Far be it from me, a privileged white man, to define "black eye" as a racist microaggression. The sensitivity police, who find racism, trigger warnings and hate speech everywhere, somehow have missed this one. Here I've beaten them to the punch.
For the uninitiated, microgressions are:
... the everyday verbal, nonverbal, and environmental slights, snubs, or insults, whether intentional or unintentional, which communicate hostile, derogatory, or negative messages to target persons based solely upon their marginalized group membership.
Hence, clapping is a microaggression because it might make deaf people feel excluded and expecting people to be on time could offend because some cultures consider time to be “fluid." Yes, pretty ridiculous, as so many microaggressions are.
So why isn't "black eye" a microaggression? Black has a load of negative meanings: Blackmail, black mark, black market, blackball, black sheep, black market and black hat. The pot calling the kettle black. We wear black, not white, to funerals. And the worst, "black death," the catastrophic plaque that killed 50 million people or 60 per cent of Europe’s entire population, in the 14th century
So I was flabbergasted when I heard a black man use "black eye" to point to something bad.
Mike Espy, a Democrat running for a U.S. Senate seat from Mississippi claimed that his Republican rival and incumbent Sen. Cindy Hyde-Smith was giving the state a "black eye" by using a "racist" comment that confirms the worst stereotypes about Mississippi. He referred to her saying that she thought so highly of a supporter that she would join him at a "public handing." In other words, she supposedly was reinforcing an old stereotype of Mississippi as a hotbed of lynchings. (The two have a runoff election tomorrow, Nov 27.)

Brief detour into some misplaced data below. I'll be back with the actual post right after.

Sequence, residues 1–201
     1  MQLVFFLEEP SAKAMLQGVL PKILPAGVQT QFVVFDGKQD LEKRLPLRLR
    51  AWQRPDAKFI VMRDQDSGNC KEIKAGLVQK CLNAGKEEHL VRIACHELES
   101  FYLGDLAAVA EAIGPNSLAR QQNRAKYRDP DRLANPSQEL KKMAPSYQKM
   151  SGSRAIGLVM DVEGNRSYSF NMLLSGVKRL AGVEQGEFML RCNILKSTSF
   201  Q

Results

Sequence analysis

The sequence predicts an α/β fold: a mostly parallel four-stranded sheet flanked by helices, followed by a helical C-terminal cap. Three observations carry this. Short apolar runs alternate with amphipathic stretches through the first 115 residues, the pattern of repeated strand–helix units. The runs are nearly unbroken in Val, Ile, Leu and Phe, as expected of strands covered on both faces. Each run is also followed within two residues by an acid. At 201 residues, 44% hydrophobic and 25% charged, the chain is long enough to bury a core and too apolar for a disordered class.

I don't know who gets to define something as a microaggression. They seem to pop up unexpectedly and without warning. It's as if an anonymous Grand Poobah has issued an edict in secret that only becomes widely known when the masses leap on an unsuspecting victim who didn't know that he had broken the law.
So far, my browser fails to identify "black eye" as a racist microaggression. But now that I've mentioned it, who knows?
(In case you're wondering, I'm not for labeling "black eye" a racist microaggression. I'm hoping that by mentioning it first, I'm cutting it off at the pass.)